Five places to warm-up and cool down
The west coast of India boasts this “Pearl of the Orient,” combining scenic coastlines, fabulous food and fascinating history. The Arabian Sea to the west and six major rivers that wind their way through the country give rise to the land’s romance and beauty. Heavily influenced by Hinduism, Christianity and the Portuguese, Goa has a distinct outlook and lifestyle unique to India. These influences can be found in the cuisine, which also relies heavily on the sea. Seafood, rice and curry can be found at nearly every meal. Coconut is another favorite ingredient, and you can almost guarantee the food will be pungent, spicy and most importantly, fresh. Centuries of Portuguese rule, and that of Eastern rulers before them, has given Goa an interesting mix of Indian and Western influences. The culture and architecture uniquely boast these themes, as does the history. A visit to Ancestral Goa, located about ten kilometers south of Margao will give you a glimpse into the Goa of 100 years ago. This is a miniature Goan village that gives visitors a peak at the country’s original splendor. The laidback attitude of the Goan people, combined with the beaches and sunshine make Goa an idyllic holiday spot.
Marvelous Mar del Plata
When can you tango the night away, sipping fine wine and wake up the next morning and roll onto the beach? Argentina, of course, and Mar del Plata is the jewel of the country’s coastline. With more than 17 kilometers of beaches, backed up to a cosmopolitan city, daytime and nighttime activities are literally a step away. The southern beaches are less populated and boast some luxury resorts. Argentinean cuisine is becoming known the world over; especially its quality wines and meats. Other specialties you’ll want to savor include tamales, a dish made of corn meal, chicken or other meat and wrapped in corn husks and humita, which brings the flavors of corn, sweet peppers and tomatoes together and surrounds them in green corn leaves. Nightlife is key here, as evidenced by the discotheques and the many theaters, offering performances of ballet, classical music and drama. Mar del Plata, located in the southern hemisphere has the bonus of being summer when we are in the midst of winter. January and February are its high season, and may be too hot, so now is the perfect time to go.
Wonderful Waiheke Island
New Zealand is a pretty spectacular place all around, but Waiheke Island, only 40 minutes by ferry from Auckland, is the jewel of the setting. Relaxation and activities blend well here, giving everyone a chance to do be as restless or as restful as they want. A beautiful blend of forest and farmland with vineyards and olive groves, not to mention the beaches, makes Waiheke Island a joy to discover. Feeling adventurous? Try sea kayaking, sky diving or mountain biking. If you’re feeling lazy, take a strolling vineyard or art studio tour. Waiheke Island’s hot, dry summers and stony soil make the grapes and olives it grows unique. Cabernet sauvignon, merlot, malbec and cabernet francs are what it does best. Many of these world class wineries offer tastings, fine cuisine and of course, award winning wines. Accommodations on Waiheke Island are pretty special too. Lay your head in an intimate, exclusive room, only steps from the beach. Even better, rent yourself a beach cottage for a couple of weeks. This is the place New Zealanders themselves go to relax. The Island holds a Jazz festival over Easter, an olive festival in November and a wine festival in February.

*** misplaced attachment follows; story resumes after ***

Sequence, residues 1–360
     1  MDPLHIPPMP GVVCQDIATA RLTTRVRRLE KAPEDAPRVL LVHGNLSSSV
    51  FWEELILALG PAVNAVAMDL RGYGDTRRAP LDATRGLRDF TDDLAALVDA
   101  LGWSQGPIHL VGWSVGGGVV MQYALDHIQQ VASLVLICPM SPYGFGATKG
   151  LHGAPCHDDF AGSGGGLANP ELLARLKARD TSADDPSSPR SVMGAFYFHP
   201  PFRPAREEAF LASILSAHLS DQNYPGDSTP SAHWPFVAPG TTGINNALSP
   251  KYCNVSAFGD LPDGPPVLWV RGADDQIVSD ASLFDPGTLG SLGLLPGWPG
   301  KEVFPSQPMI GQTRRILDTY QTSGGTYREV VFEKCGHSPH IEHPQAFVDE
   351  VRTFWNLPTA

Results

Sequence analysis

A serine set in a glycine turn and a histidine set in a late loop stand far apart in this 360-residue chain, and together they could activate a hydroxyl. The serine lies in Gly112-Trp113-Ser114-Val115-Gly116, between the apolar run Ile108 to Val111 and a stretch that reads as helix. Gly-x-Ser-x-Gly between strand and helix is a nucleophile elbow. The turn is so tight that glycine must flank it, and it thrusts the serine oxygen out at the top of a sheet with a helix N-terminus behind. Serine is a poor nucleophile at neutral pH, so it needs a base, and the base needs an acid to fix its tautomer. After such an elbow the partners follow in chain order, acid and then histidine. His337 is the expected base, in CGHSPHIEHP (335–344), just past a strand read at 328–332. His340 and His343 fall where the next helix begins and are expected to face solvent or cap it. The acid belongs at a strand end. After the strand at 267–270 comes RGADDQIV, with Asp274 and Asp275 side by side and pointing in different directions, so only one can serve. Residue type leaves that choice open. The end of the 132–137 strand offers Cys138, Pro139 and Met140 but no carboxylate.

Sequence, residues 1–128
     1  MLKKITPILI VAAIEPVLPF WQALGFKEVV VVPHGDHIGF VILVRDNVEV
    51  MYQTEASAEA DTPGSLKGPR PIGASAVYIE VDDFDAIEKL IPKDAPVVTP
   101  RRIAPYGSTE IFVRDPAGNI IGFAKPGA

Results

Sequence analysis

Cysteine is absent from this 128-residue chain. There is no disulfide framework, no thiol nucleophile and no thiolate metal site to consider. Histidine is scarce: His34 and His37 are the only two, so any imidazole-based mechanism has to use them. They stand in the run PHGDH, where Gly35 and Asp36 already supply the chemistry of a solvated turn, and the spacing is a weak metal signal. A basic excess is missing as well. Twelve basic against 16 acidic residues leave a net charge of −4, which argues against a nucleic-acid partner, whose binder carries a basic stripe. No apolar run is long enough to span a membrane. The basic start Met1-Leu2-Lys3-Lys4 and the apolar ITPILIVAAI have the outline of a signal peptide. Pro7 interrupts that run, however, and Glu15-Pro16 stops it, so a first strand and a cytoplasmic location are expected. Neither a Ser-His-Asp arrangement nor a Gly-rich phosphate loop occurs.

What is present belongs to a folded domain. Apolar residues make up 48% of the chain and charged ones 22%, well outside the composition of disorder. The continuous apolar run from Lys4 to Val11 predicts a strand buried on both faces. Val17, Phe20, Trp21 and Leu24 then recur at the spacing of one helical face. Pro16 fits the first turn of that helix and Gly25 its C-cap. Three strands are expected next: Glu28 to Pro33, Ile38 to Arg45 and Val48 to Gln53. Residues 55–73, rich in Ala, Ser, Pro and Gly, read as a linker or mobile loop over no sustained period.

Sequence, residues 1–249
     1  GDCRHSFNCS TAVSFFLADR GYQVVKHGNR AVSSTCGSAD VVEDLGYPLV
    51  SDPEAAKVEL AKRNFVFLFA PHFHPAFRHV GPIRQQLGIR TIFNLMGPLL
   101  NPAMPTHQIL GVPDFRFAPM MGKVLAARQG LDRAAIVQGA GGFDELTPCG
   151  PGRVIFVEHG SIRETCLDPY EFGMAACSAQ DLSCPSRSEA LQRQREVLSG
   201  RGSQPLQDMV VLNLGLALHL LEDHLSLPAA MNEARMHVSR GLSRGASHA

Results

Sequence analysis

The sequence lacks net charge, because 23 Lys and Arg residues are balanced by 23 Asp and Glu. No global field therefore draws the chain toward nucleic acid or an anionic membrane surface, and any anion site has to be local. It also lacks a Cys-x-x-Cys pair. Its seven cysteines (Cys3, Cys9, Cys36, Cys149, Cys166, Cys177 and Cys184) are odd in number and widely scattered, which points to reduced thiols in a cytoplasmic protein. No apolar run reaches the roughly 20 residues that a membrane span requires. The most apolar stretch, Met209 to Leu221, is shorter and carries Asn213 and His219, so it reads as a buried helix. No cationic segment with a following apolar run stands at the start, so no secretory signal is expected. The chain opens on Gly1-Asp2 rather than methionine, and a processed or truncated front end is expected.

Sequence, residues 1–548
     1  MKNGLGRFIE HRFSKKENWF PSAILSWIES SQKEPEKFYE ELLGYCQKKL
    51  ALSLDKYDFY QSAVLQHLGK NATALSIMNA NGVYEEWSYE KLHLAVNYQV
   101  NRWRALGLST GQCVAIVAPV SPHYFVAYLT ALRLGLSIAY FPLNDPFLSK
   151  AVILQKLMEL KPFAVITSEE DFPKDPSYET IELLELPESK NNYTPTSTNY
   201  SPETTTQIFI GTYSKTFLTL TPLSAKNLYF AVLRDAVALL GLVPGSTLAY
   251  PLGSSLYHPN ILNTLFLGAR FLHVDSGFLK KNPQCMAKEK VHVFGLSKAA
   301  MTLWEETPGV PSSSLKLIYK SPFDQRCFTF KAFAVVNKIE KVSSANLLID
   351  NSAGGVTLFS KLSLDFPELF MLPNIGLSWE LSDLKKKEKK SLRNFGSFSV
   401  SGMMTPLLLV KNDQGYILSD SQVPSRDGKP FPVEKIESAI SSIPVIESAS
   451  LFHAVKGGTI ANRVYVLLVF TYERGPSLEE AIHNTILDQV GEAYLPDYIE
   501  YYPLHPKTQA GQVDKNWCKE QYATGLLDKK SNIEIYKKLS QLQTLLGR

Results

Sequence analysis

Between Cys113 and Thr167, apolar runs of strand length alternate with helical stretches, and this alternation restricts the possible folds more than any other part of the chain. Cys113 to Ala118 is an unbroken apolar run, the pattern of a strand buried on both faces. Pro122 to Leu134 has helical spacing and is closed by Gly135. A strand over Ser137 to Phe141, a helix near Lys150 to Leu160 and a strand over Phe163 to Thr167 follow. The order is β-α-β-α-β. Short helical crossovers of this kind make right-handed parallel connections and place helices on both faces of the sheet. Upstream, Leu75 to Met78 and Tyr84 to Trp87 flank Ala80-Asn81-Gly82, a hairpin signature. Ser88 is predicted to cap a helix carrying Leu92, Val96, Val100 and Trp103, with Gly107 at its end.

Unbelievable Bora Bora
Probably every photo you’ve ever seen of crystal blue beaches, pure white sand, a lone palm tree, perhaps a hammock, has got to be of Bora Bora. Maybe not, but its beaches are some of the most photographed in the world. And it’s easy to see why. It’s also one of the most romantic places in the world. Secluded beaches, over-the-water bungalows and high quality resorts ensure feelings of romance, whether you want them to or not. The out-of-doors is why you come here, wild nightlife, or any kind of nightlife for that matter, is nearly non-existent. Turquoise lagoons swim up to ivory beaches. Lush tropical hillsides roll up, revealing their hibiscus and palm trees along the way. And lording over it all is Mount Otemanu which reaches high into a sapphire sky. The water is your entertainer, offering itself for daytime snorkeling, sunset cruising, sailing and shark and ray feeding. Everything on Bora Bora is first class, so even the sand stuck between your toes is a little extra special.
The Maldives, located on the equator south of Sri Lanka, is not one island but more than 11 hundred coral islands. About 200 are inhabited, and 87 are exclusive resort islands, meaning they give you no choice but to spend a luxurious holiday here. In fact, the country has a “one island, one resort” policy, ensuring a secluded, opulent stay. The Maldives culture is like no other. So many different people from a variety of countries have settled here throughout the centuries that there is no typical “Maldivian” prototype. Some of the local music and dancing has African undertones, while much of the food is influenced by Southeast Asia. Being a nation comprised of coral islands, makes the Maldivians quite sensitive to the environment. Much of their economy is based on tourism, and the beautiful beaches, clean sand and fresh air lures a lot of people. Coral mining is banned in certain areas, as is turtle hunting. The government actively encourages tree planting and a lot of sport fishing is now catch and release. All these factors contribute to what the Maldives have already been blessed with: pristine beaches, emerald seas and a rainbow of sea life. Protection of this natural beauty is paramount (resort buildings are not to be built taller than the tallest palm tree on the island) and you reap the benefits.